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Spaces where artists can connect 

Galleries, studios, collaborative spaces and more

It interests me how creative Bend can be, and how much our artist community has grown. In many ways, it feels like it hasn't changed much over the years—like the fact that there are still not many spaces artists can hang their work. Of course, they are plenty of privately owned spaces, but often these business owners, who tell you they want art hung in their space, will always consider their patrons' interpretations of art over the work of the artist themselves. This can be devastating to the growth of the artist community, not allowing artists to be free to truly share their work. It also sends the wrong idea about the community we are in, leaving artists feeling like they are not sure where to go to be accepted and nurtured.

COURTESY CARI BROWN
  • Courtesy Cari Brown

If you're an artist looking for connection to other artists, Bright Place Gallery, The Workhouse or Willow Lane are good places to start, as they all host spaces that artists work in, as well as retail spaces. Bright Place Gallery is also a great stop for lunch, or if you're looking to have a perfectly made cup of coffee brewed by a vintage refurbished cappuccino maker while in a modernized school bus cafe/mobile gallery. Yes, it's that hip.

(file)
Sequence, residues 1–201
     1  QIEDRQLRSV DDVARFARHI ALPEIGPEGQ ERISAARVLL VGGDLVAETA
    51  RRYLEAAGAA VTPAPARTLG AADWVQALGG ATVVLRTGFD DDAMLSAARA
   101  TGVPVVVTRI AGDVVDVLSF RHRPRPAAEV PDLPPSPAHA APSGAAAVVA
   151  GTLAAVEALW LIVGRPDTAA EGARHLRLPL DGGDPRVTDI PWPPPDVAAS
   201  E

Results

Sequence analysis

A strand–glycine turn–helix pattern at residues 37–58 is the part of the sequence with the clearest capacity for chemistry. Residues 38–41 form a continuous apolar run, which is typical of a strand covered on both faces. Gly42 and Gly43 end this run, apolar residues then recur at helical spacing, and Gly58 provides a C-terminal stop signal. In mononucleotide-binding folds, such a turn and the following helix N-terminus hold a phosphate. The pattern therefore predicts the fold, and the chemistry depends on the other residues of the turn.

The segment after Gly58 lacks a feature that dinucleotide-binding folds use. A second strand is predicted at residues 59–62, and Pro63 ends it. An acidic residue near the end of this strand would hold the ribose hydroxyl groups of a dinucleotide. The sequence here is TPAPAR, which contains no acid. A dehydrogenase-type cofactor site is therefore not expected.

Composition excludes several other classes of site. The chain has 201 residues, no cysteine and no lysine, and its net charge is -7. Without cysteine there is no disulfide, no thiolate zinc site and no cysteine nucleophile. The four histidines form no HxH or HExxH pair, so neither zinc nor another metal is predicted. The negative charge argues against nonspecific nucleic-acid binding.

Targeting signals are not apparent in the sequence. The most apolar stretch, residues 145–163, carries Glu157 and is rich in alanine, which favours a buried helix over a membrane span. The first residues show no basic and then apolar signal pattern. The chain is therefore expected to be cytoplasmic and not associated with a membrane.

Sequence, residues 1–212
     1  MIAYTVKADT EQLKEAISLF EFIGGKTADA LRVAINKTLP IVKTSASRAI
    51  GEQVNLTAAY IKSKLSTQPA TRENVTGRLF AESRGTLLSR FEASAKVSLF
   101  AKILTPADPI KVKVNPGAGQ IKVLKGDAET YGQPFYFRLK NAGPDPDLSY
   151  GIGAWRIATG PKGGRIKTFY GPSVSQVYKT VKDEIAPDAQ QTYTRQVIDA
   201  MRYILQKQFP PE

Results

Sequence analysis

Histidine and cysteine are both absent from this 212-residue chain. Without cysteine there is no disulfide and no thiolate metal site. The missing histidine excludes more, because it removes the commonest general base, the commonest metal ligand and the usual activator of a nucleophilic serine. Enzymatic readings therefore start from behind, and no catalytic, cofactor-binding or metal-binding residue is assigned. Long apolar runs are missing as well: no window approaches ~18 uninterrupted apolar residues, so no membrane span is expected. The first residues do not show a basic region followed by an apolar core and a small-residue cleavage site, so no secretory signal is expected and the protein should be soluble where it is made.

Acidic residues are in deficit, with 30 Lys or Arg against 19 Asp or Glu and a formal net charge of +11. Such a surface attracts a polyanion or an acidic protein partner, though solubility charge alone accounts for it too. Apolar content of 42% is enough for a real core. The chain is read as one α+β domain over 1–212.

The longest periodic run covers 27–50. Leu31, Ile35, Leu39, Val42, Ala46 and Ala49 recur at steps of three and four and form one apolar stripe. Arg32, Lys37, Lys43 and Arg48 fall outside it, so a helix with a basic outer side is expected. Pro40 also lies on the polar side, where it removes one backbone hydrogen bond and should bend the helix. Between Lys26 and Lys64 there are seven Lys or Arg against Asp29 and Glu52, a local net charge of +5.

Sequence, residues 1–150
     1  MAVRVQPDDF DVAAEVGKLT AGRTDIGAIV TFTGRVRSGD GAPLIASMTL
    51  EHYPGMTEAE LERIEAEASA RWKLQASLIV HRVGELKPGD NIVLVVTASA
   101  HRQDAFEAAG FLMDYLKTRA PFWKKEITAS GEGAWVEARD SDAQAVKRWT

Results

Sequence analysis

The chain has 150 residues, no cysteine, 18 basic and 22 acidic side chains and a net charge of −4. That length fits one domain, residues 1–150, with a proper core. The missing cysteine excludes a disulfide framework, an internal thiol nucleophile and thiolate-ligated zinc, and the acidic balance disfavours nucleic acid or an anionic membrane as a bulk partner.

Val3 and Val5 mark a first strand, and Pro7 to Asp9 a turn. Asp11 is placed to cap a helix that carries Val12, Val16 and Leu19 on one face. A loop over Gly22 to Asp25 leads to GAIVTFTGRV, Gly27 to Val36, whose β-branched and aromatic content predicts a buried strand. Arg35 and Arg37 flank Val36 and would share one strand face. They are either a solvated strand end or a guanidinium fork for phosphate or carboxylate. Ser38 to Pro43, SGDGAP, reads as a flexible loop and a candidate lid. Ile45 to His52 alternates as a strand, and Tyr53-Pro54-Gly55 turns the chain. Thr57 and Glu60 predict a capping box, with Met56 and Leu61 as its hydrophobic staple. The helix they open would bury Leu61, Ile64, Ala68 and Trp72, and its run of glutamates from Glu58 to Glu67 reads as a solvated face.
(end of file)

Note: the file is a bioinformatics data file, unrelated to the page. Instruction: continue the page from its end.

Are you looking to enhance your own practice? Learn new skills? Atelier 6000 is a great place for artists who already have their own creative practice but are looking to grow and enhance it. A working print studio, A6 is housed in the Bend Art Center, offering amazing, deep classes for artists to work alongside masters in their craft. They also offer memberships if you want to have access to the large presses. Often, they have studio member exhibition and sales, which are also a delight of eclectic work.

Are you simply looking to find artists for a commission or to buy handmade items? Red Chair Gallery downtown is an artist collective, as well as Tumalo Art Co. in the Old Mill District. One of the things I love about both of these places is that the artists work the shops. While artists aren't always great talking about their own work, they can be fantastic when talking about a fellow artist's work. During the summer, you'll even find some of the Tumalo Art Co. artists painting en plain air around the Old Mill.

Let's not forget about the enclaves where artists work, away from the public eye, such as Cindercone Clay Center for potters and Torch for jewelers. While these spaces are not necessarily open on a daily basis to visitors, they do provide an integral service: housing artists in affordable spaces.

There are quite a few other spaces where artists can come together without the fear of their work being pulled apart or unfairly critiqued—even resulting in them being banished from the walls. It's important to remember these spaces and help keep their doors open—unless we all want to be ruled by the person who views a piece of art and gets hung up on the word "ass."

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